If you look carefully on the ground, there are these social enterprises popping up, credit unions, etc., etc. and there are many, many more experiments. Something like 20 states now have legislation before them like the Bank of North Dakota, a state owned bank, and many other states. Another 20 approximately are considering single payer. And here is the issue, as the pain deepens — that’s why the era is critical — as the pain deepens and we have time to build, and we work to build, more and more people begin to see, you’ve got to come up with a new answer. My judgment is — and I think I’m not blowing smoke — those kinds of experiments are the only way to build the popular base, with the politics and the projects, with the politics and the projects.
Cleveland provides a model for building whole communities where the 99% benefit, not just the 1% of capitalist owners
There is a really beautiful thing going on in Ohio in Cleveland, we have been involved with. I was involved with the Youngstown workers in 1977 when the first big steel closing occurred, the workers tried to take over and they got clobbered. But, they organized their politics and got a lot of people involved. So, in Ohio, the idea of worker ownership is a bigger idea. Lots of people understand it. And in Cleveland, building on the Mondragon model, we know about the Mondragon model and other ideas, there are a series of worker owned integrated co-ops in Cleveland in a neighborhood where the average income is $18,000 per family. And they have these co-ops not just standing alone, but linked together with a non-profit corporation and a revolving fund. The idea is to build the community and worker ownership, not just make a couple workers richer, to say the least, not just rich but to build a whole community, and to use the purchasing power of hospitals and universities, tax money in there, Medicare, Medicaid, education money, buy from these guys and build the community. That model and it’s the greenest — for one of the things — the greenest laundry in that part of the country, that uses about one-third of the heat, about a third of the electricity and about a third of the water. They’re on track now to put in more solar capacity that exists — one of the other worker owned companies that exists in the entire state of Ohio. These are not little-thinking co-ops.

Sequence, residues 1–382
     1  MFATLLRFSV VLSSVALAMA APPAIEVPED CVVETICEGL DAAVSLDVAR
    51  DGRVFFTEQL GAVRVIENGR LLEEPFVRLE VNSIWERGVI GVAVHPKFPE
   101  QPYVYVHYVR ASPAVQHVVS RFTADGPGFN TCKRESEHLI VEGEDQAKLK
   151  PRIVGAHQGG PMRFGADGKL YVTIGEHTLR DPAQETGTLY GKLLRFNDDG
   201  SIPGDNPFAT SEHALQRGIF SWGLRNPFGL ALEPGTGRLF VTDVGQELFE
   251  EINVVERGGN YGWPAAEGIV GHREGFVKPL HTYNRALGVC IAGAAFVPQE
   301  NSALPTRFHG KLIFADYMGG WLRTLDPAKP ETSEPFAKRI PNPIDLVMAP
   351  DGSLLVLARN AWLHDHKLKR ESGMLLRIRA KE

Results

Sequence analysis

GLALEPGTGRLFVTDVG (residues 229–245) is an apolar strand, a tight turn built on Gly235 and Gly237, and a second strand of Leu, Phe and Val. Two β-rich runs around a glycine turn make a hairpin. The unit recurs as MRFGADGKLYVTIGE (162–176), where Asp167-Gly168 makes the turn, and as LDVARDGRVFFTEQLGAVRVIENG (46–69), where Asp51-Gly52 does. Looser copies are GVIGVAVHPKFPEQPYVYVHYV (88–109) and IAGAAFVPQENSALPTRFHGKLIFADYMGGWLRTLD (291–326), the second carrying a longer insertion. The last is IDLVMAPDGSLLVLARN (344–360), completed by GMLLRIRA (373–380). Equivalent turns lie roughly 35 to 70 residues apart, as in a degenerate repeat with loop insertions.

There’s another one they’re just about to open which is a greenhouse; 3.25 acres. The greenhouse hydroponic will be the largest in the United States in an urban area, the largest in a worker co-op, worker-owned, in a community building structure, capable of producing something like 5 million heads of lettuce a year, capable of producing something like 5 million heads of lettuce a year. That’s happening. You could do that, and you could force the politicians to help you do that.
To learn more about thousands of other “New Deal” things that are happening in America visit this website
There is a website, Community-wealth.org, [where] you will find thousands of things that are happening on the ground that change the ownership of wealth and begin to green the economy, and it is part of the new deal that we’re going to build forward as we go on through the decay. That’s the direction.
These are the kinds of things that are the prehistory of the next great revolution. And this is how you build it
Those are the kind of things that are the prehistory of the next great revolution. That’s how you build it. You generate the ideas and then you begin to protect national ideas out of real experience and out of real commitment. So, did you happen to notice, we did not nationalize the two big auto companies when those crises came, and we pretty much nationalized the banks before we gave them back. So when those crises come, and they will come, if we’re prepared with a highly democratic vision and if we know something and if we build the politics, I’m not just talking about communities, that’s critical; if you don’t have democratic experience in local communities you’ve got nothing. But, the ideas like Wisconsin pointing to the New Deal, those ideas also generate vision for the long, larger scale when time goes on and we build forward.